Many patients I speak with are concerned about hair loss after bariatric (weight loss) surgery. Some start taking extra vitamin supplements, such as biotin, in an effort to stave off hair loss.
It is very understandable why people are concerned — our hair, for many of us, is a very important part of our self-image and self-esteem. The thought of losing it is very scary.
There are both nutritional and non-nutritional reasons for hair loss. To better understand this issue, let’s take a look at how our hair grows, why hair loss may occur after weight loss surgery and what can we do about it.
How our hair grows
Throughout our lives our hair is either in the process of growing or falling out. Typically 90% of our hair follicles are in the growing phase (anogen phase) and about 10% are in a dormant phase (telogen phase).
The most common type of hair loss after bariatric surgery is called Telogen Effluvium, which is characterized by diffuse hair loss. This type of hair loss occurs when more of the hair follicles are in the telogen phase, which causes more than the normal amount of hair to fall out.
Why does hair loss occur after weight loss surgery?
Hair loss may occur after weight loss surgery for both nutritional and non-nutritional reasons.
Many patients think not getting enough protein or having a vitamin or mineral deficiency is the only reason they are losing hair. While a diet lacking adequate protein and vitamin deficiencies may exacerbate hair loss, they are not the only causes. Stress on your system may also cause Telogen Effluvium.
Stressors known to cause hair loss:
- major surgery
- acute weight loss
- crash dieting
- hormonal changes (child birth, menopause)
- low protein intake
- iron or zinc deficiency
- high fever
- severe infections
- certain medications
In addition, medical issues such as low thyroid (hypothyroidism) and polycystic ovary syndrome may also cause hair loss.
Even without the presence of nutritional deficiency, bariatric patients may still have hair loss as they are experiencing at least two stressors: major surgery and acute weight loss.
The importance of good nutrition
It is still important to take a look at your nutrition. A diet lacking in protein and the presence of vitamin/mineral deficiencies may exacerbate hair loss. Weight loss surgery patients must get in at least 60 grams of protein daily. Blood work that evaluates your vitamin and mineral levels must be done to identify deficiencies.
The deficiencies most associated with hair loss are iron and zinc.
Iron deficiency is most usually associated with hair loss. There is some research that shows a ferritin level of less than 40 micrograms/liter is associated with hair loss in women. Keep in mind a ferritin level less than 40 micrograms/liter may still be in the normal range, so many doctors may not see this as an issue.
A zinc deficiency has also shown to be a correlated with hair loss. The tolerable upper limit for zinc in adults is 40 mg. Before you run out and buy iron or zinc supplements — make sure you have the blood work done to establish that a deficiency exists. Remember more is not always better. Taking too much iron or zinc can be toxic. Discuss your supplementation with your bariatric surgeon or dietitian.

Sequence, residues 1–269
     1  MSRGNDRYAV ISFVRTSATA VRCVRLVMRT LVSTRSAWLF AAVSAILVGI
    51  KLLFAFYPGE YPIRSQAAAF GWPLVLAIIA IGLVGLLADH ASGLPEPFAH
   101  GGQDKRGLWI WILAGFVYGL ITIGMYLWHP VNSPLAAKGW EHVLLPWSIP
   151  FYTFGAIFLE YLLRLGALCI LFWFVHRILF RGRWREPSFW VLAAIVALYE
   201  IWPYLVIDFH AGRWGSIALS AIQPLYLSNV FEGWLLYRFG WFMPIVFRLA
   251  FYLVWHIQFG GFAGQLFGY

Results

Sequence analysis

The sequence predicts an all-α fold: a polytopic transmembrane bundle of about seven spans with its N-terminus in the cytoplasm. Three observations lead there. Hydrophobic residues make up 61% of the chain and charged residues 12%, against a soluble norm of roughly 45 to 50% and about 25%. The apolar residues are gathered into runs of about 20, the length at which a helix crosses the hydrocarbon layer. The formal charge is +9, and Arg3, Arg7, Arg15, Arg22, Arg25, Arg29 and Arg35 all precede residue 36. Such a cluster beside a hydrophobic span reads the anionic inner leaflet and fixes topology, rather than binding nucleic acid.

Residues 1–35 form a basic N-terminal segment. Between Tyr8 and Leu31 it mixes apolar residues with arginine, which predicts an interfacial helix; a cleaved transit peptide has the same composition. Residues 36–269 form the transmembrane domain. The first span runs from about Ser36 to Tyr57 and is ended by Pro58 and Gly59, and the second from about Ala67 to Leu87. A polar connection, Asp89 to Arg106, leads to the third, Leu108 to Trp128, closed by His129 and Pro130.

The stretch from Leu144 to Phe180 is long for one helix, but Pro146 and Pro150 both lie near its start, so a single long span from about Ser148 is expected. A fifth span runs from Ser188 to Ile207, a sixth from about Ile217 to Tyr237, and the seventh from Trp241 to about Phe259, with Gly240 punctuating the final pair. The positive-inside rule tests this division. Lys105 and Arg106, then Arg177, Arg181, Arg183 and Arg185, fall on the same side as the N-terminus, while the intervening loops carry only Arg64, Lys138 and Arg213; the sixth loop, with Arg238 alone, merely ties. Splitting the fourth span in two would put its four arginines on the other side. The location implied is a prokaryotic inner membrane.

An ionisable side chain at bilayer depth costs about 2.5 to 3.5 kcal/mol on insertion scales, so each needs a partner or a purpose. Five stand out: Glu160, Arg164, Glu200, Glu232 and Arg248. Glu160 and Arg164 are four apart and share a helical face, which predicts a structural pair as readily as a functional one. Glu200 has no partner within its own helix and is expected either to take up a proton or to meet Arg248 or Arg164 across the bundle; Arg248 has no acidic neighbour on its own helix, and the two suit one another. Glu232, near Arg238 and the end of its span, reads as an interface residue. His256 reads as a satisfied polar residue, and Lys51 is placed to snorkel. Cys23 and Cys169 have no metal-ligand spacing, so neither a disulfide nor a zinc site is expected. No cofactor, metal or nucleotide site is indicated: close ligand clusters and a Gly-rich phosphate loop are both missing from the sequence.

Many people take biotin, but there is no scientific research to support using biotin to prevent or restore hair growth. However, there is a lot of anecdotal evidence that states biotin can make a difference in hair growth. Biotin is a water-soluble vitamin, the risk of toxicity is low and taking supplements is not harmful.
What can you do?
Hair loss for most bariatric patients occurs in the first 3-6 months after surgery and usually begins to resolve by the end of the first year. Make sure you are getting enough protein and take all of your vitamin and mineral supplements as directed by your surgeon or dietitian to help prevent any nutritional deficiencies.
Keep in mind, there is little evidence that you can prevent hair loss after weight loss surgery as Telogen Effluvium is mainly caused by the stress of major surgery and rapid weight loss.
It is also important to note if hair loss occurs after the first year post op, it may be more indicative of a nutritional deficiency, as the stressors of surgery and rapid weight loss are usually not a factor at this stage.
If you’re struggling to get protein in, have questions about your supplements or have questions about thinning hair, please contact Prime Surgicare in Freehold, NJ. We’d be happy to discuss your options.
Jacques, J, Weight Loss Surgery, Nutrition and Hair Loss, Obesity Action Coalition website, accessed 2/4/15.
Allied Health Sciences, Section Ad Hoc Nutrition Committee: Linda Allis, RD, Jeanne Blankenship, MS, RD, et. al., ASMBS
Allied Health Nutritional Guidelines for the Surgical Weight Loss Patient: Surgery for Obesity and Related Diseases, 4(2008) S 73-S108.
Dietitian’s Corner by Lori Skurbe
Dietitian’s Corner is a monthly column for post-op and pre-op patients of bariatric surgery in NJ written by Prime Surgicare’s Lori Skurbe. Lori has been a dietitian for over 20 years with an extensive background in weight management, bariatric nutrition and diabetes education.